Now having said that, I can tell you that in the days of film during workshops showing shots projected on a 4' x 4' screen, after viewing 135 slides there were notable gasps in reaction to shots projected to same size but captured on medium format! Whether the same effect would be noticed in digital sensors is an unknown...digital projectors are so incredibly DEFICIENT, at best they are 2K or 4K in resolution, compared to 20MPixel or 50MPixel sensors! So the projection is the lowest common denominator in such comparisons.

Would you SEE a difference in 50Mpixel FF vs. 50Mpixel medium format?...dunno!
Yes, larger format can have shallower DOF than smaller format, but when DOF is shot to be the same with both, will you see a 'more striking look' in the medium format shot?...dunno!
In theory, since medium format is enlarged less to make the same print, medium format lenses MIGHT deliver more line-pairs per millimeter of print...but then again in the last decade there has been a lot of new FF lenses with better resolution, while medium format lens design has not bewen so progressive in advances in results (due to smaller market demand)...so they might NOT today have a margin of performance any longer, compared to differences visible in 1990 FF lens vs. 1990 lens medium format.

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Wilt
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Jul 21, 2017 14:52 |  #5

There is one fellow on POTN who has past experience owning a Hasselblad digital. I sent him a PM to join this thread, and comment about his own experiences in differences you could SEE between medium format digital and FF digital. Unfortunately I think has been a few years since his experiences, but at least he can offer impressions of medium format digital of a half decade ago vs. FF sensors.


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CH_Devin
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Jul 21, 2017 15:54 |  #6

There is definitely a difference between MF and FF images. MF images, for one, do not break down with a simple 100% zoom into the image. MF images are more solid, and can withstand enlarging while keeping most of its detail, while FF images fragment (aside from the 5DsR).

The first is a MF image from an H6D-50c, the second is a FF image from a Nikon D5.


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Wilt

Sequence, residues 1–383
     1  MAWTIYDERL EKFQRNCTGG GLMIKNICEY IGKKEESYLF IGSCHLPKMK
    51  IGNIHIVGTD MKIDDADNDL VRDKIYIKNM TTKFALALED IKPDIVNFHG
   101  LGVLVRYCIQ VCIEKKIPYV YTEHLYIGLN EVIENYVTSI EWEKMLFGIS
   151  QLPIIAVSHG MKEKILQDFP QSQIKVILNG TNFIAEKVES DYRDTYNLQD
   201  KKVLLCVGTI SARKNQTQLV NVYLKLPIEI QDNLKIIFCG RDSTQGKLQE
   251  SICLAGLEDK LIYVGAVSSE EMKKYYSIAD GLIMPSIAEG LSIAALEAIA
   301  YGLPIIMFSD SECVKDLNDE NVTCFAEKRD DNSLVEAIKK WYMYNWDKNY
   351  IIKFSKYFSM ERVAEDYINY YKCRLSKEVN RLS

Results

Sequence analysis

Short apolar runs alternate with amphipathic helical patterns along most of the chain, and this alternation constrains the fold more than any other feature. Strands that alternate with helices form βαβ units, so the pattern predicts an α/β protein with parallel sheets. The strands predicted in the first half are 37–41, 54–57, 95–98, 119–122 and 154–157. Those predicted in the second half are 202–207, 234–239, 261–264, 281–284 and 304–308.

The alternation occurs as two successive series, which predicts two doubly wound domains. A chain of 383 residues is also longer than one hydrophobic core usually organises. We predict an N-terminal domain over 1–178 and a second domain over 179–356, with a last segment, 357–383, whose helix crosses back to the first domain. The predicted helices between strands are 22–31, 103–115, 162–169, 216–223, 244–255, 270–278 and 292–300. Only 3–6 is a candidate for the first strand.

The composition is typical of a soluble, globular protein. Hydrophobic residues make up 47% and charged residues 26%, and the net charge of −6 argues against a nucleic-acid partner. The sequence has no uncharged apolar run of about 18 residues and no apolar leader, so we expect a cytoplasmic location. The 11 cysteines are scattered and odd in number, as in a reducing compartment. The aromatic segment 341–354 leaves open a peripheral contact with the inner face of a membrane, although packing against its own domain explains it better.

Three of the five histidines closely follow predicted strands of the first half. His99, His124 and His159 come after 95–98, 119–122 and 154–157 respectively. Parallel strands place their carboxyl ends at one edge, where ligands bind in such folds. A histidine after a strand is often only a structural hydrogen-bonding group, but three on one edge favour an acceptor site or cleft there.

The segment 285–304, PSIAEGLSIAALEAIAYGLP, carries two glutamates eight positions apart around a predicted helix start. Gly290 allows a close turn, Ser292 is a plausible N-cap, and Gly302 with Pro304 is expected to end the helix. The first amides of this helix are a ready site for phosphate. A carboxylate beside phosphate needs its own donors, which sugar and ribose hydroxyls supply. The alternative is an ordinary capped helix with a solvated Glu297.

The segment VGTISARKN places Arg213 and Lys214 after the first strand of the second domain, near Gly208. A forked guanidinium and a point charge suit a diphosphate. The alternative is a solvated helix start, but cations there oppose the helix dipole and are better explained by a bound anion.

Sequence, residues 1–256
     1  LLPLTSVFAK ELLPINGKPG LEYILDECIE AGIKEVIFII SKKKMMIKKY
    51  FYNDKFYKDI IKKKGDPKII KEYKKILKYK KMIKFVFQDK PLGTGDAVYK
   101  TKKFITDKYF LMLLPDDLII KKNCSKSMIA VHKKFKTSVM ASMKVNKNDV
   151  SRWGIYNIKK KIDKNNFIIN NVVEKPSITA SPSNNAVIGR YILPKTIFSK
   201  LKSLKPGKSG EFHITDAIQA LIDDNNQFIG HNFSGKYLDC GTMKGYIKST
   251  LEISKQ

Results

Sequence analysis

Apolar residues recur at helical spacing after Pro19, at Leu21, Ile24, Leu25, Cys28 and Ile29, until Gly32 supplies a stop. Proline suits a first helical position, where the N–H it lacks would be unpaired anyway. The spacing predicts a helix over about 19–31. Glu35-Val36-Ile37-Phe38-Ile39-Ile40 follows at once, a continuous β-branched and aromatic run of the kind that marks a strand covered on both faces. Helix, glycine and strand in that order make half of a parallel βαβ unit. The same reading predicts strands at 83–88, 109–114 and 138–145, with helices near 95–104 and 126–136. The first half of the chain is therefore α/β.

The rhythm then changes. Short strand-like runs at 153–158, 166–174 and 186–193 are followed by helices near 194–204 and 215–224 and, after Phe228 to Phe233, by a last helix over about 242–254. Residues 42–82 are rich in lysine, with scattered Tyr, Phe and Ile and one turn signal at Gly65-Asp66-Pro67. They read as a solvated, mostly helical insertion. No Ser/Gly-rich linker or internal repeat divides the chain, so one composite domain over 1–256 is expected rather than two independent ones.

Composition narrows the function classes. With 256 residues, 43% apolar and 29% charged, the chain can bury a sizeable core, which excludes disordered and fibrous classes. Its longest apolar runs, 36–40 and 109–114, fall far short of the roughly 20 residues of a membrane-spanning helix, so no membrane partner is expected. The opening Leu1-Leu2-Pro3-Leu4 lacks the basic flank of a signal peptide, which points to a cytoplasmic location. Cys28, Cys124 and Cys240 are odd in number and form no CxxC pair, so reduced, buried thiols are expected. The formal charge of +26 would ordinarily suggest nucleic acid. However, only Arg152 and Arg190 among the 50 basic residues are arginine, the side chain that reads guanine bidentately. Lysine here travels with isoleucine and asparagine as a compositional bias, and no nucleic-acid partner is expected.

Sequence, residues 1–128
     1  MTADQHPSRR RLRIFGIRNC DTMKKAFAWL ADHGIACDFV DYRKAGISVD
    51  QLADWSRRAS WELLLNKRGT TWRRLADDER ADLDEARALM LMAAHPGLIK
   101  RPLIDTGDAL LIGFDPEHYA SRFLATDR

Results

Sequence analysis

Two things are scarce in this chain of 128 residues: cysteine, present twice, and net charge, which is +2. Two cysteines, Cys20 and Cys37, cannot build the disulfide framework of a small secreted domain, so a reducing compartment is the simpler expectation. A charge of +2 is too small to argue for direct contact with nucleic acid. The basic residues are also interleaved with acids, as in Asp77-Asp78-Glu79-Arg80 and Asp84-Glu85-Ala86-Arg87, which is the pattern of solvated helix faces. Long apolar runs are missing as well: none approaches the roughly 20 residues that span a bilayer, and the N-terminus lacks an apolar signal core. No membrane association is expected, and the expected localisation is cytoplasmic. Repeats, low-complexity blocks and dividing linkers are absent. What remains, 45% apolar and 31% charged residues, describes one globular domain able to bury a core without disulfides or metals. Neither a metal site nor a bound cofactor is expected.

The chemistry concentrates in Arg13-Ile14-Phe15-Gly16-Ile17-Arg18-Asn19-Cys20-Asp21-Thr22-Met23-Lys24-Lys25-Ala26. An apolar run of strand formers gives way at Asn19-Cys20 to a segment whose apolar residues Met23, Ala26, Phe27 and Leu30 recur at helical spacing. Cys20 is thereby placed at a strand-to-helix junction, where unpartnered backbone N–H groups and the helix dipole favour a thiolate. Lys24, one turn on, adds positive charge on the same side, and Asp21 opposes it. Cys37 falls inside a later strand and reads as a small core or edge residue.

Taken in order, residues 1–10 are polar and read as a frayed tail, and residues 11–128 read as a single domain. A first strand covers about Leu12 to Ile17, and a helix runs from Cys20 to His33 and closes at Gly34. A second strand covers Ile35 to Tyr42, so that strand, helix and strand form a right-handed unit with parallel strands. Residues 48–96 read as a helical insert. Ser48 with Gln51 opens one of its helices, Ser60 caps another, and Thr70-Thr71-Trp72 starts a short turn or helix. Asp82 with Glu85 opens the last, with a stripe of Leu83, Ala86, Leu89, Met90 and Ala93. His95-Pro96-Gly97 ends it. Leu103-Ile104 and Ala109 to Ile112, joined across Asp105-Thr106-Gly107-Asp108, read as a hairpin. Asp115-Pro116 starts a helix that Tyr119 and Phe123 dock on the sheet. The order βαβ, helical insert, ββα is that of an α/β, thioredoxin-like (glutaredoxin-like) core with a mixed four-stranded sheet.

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Post edited over 1 year ago by Wilt. (5 edits in all)
     
Jul 21, 2017 16:01 |  #7

CH_Devin wrote in post #18407817 (external link)
There is definitely a difference between MF and FF images. MF images, for one, do not break down with a simple 100% zoom into the image. MF images are more solid, and can withstand enlarging while keeping most of its detail, while FF images fragment (aside from the 5DsR).

You said, "(aside from the 5DsR)", as if the resolution were the great equalizer...
...and if both were 50MPixel sensors, FF and Hassy, so that the 'break down' due to high magnification was identical due to sensor resolution, like if you made a 60" tall print from both, WHAT other DIFFERENCE -- if any -- would one see? The OP is thinking that medium format would make a visual difference, i.e. improve his photography "a different look to my competition."


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Jul 21, 2017 16:10 |  #8

What vintage would this 20 mp back fall into?

10 years old?

As mentioned I would be concerned about support of bothe repairs, batteries, etc

I feel pretty confident that my 20mp 6D would capture a virtually equivelNt image to the single wrestler above.

And as both a canon shooter (by choice) and a Nikon shooter (via an ongoing gig), I definitely feel that color rendition from canon cameras is a huge selling point when compared to the competition.


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davesrose
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Jul 21, 2017 17:55 as a reply to  @ Wilt's post |  #9

The OP specifically states he's looking for a different color rendition, not so much more megapixels. In that end, it's either experimenting with the WB setting of your current camera, seeing if another brand "defaults" to a more desired color tone, or (what I'd side with) finding a good preset for your post processing. If you want to try other cameras, maybe you can borrow or rent.

As an aside for technical points about digital FF vs MF, you bring up some interesting points Wilt. With film, a larger negative yielded higher resolving power. Now with digital, manufacturers are always reducing the pixel pitch to increase resolutions. There's the typical phenomenon with crop factor, but you also have possible limitations with SnR and diffraction limitation with continual reduction in pixel pitch. New FF lenses are nice and sharp, but is there a physical limit to the FF sensor's resolution due to diffraction limitation? I know Canon has made prototype sensors going above 100MP: don't know how they fair with smaller apertures.


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Wilt
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Post edited over 1 year ago by Wilt. (3 edits in all)
     
Jul 21, 2017 18:03 as a reply to  @ davesrose's post |  #10

Dave, diffraction is determined by the lens aperture and the diffraction amount is the same regardless of sensor size or lens FL. But the smaller image -- being magnified by 27.3X from 14.9x22.4mm sensor or being magnified by 16.9X from 24x36mm sensor or being magnified by 9.5X from 43x56mm medium format sensor -- has a more apparent diffraction captured in the print when magnified by 27X than by 9X!

The resolution of the sensor or the film does NOT alter the diffraction amount which is visible when enlarged...we did NOT have a different diffraction for Panatomic-X film than for Tri-X film, and similarly we do not have a different diffraction for 5DS than for 20D